‘…most people are almost blind and they don’t see most things and there is lots of spare capacity in their heads and it is filled with things which aren’t connected and are silly’
When I first read the Mark Haddon’s novel on which this play is based, I recalled the set book for my teacher training: John Berger’s ‘Ways of Seeing’. Although it is targeted to the effects and uses of advertising and Fine art, and outdated now, it focuses on the need to understand new ways of seeing an object differently. Therefore I had serious doubts as to whether Simon Stephens’s stage adaptation of ‘The Curious Incident of the Dog in the Night-Time’ would work as the book relied on first person narrative. Exploring the mind of the teenage protagonist, Christopher Boone, is fraught with unexpected complexity of family relationships and as Christopher self-defines ‘a mathematician with some behavioural difficulties.’ The assumption then is that he has Asperger’s Syndrome – a milder form of Autism that characterises his world view so that there is difficulty in understanding the subtleties of language and social situations, recognising and interpreting other people’s feelings and hates physical contact. As Mark Haddon wished, terminology is rendered redundant.
Christopher turns detective after he discovers a neighbour’s dog has been brutally killed. This very act leads him into situations that are terrifying for him as they are outside his daily routine: his timetable. Later, when Christopher learns the truth about the dead dog, we are totally absorbed by his meticulously building of a railway track around the stage.
Despite being far older than the scripted 15 year old, Luke Treadaway’s outstanding performance as Christopher Boone is both engaging and disabling for the audience, for like him, we become outsiders. The set design by Bunny Christie and digital technology from Finn Ross is breath-taking in the intimate space of the Cottlesloe. One minute glowing, geometric grids convey the comfort zone that the regimen of numbers and logic provides Christopher; another moment, we are seamlessly transported from classroom to the London Underground network.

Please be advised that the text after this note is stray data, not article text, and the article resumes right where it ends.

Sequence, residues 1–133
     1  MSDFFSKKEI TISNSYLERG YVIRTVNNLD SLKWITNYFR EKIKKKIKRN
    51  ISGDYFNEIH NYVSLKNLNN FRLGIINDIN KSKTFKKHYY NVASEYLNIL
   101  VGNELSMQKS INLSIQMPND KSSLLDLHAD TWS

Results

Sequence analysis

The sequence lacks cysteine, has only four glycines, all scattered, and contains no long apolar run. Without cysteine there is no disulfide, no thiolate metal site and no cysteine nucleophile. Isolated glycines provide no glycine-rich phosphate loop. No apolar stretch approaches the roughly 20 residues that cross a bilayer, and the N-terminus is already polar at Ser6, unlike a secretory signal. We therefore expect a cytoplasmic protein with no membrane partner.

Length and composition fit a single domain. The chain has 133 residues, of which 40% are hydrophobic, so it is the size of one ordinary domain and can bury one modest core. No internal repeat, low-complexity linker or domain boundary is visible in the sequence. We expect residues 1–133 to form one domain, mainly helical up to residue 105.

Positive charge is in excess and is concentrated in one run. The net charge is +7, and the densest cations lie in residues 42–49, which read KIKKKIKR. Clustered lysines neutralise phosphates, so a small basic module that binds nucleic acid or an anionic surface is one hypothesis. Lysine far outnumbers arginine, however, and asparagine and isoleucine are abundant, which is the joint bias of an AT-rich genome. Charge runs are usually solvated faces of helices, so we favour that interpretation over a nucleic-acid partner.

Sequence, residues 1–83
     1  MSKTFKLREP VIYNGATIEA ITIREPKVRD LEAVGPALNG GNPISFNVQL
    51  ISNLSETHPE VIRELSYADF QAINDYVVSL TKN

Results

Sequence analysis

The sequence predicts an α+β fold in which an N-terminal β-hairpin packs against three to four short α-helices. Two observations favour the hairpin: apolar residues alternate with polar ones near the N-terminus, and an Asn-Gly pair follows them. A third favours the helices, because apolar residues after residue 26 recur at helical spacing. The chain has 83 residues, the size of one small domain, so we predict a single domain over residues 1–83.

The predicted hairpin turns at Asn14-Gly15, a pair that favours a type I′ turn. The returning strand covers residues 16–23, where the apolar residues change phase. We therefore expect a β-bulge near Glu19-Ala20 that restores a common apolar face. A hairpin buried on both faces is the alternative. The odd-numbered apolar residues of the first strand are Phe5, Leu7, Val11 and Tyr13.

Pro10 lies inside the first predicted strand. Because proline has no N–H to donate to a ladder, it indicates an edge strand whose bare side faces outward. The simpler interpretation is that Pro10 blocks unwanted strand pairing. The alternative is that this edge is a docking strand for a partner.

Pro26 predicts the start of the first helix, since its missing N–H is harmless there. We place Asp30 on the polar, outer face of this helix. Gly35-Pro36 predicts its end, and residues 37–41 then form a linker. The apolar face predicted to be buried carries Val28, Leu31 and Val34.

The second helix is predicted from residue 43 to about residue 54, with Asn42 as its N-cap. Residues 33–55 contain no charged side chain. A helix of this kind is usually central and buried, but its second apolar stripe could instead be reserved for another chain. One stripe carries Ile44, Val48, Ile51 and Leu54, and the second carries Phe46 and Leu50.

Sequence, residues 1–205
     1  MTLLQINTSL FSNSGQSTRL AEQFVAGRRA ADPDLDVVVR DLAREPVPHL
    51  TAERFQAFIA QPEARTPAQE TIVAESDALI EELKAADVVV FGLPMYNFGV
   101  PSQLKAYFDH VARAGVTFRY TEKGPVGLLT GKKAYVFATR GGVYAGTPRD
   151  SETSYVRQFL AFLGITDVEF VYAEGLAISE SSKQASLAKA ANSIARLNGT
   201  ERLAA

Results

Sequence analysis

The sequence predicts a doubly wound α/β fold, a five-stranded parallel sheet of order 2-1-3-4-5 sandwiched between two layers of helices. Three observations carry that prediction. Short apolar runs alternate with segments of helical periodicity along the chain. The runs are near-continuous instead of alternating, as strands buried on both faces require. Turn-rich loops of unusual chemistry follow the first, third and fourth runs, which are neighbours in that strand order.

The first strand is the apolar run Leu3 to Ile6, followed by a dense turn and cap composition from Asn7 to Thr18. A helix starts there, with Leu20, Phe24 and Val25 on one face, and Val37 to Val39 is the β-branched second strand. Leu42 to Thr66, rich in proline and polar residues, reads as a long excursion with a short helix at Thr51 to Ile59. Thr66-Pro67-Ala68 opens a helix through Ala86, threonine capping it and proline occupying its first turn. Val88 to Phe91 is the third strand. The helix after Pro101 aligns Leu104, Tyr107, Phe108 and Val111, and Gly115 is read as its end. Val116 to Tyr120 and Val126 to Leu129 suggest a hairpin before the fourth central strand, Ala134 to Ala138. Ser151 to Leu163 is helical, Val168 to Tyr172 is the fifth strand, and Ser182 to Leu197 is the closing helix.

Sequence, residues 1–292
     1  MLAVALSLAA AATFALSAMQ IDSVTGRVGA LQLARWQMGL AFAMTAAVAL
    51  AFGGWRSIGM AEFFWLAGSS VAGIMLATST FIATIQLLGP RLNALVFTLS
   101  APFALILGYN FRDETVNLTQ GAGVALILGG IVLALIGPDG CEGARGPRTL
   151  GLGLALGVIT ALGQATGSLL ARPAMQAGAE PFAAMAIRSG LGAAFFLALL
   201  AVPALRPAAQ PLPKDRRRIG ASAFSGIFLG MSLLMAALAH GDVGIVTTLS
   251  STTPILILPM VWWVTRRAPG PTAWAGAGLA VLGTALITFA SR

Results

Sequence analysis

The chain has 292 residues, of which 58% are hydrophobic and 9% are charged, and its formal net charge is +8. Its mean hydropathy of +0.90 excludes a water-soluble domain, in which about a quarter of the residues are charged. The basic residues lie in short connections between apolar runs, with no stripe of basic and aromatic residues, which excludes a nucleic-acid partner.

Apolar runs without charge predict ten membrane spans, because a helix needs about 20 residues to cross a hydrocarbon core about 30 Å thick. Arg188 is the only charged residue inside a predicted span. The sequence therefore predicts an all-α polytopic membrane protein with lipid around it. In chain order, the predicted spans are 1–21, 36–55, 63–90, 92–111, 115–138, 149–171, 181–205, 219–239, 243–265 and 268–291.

I love the familiar physical theatre choreography by Scott Graham and Steven Hoggett of Frantic Assembly to simulate the chaos of the capital and commuter travel, as Christopher searches for his mother who was presumed dead. The pathos when he jumps down onto the Tube tracks to try to rescue his beloved pet rat Toby is almost palpable. Such moments of distress are convincingly portrayed by Treadaway as he kneels with his face on the ground and moans in attempt to make sense of the world that has betrayed him. Difficulties of parenting are convincingly portrayed by Sean Gleeson and Holly Aird as they struggle to handle their son, Christopher’s neuroses.
Initially, I was unconvinced by the chorus role of Niamh Cusack who appeared wooden in her delivery of chunks of the story, but soon the pace increased and the audience was subsumed into the melee of childhood naivety, distrust and investigation.
Right from the start, the audience is challenged and divided; some like me were greeted by a sign that declares “You are sitting in a prime seat”. I was intrigued enough to see if I would be rewarded with a prime number if I ‘added up’ all the letters in my name, to match the prime number location of my seat -sadly no prize.
Stay in your seat at the end as Christopher reappears, after the apparent natural close, to explain the solution to a maths problem that he finds fascinating: an arresting appendix to a truly mesmerising story telling experience and feat of memory. Marianne Elliott’s production of War Horse was such a joy to watch that I should never have doubted my expectations of this theatre experience. I cried, I laughed, and who can resist the brief appearance of the live puppy near the end?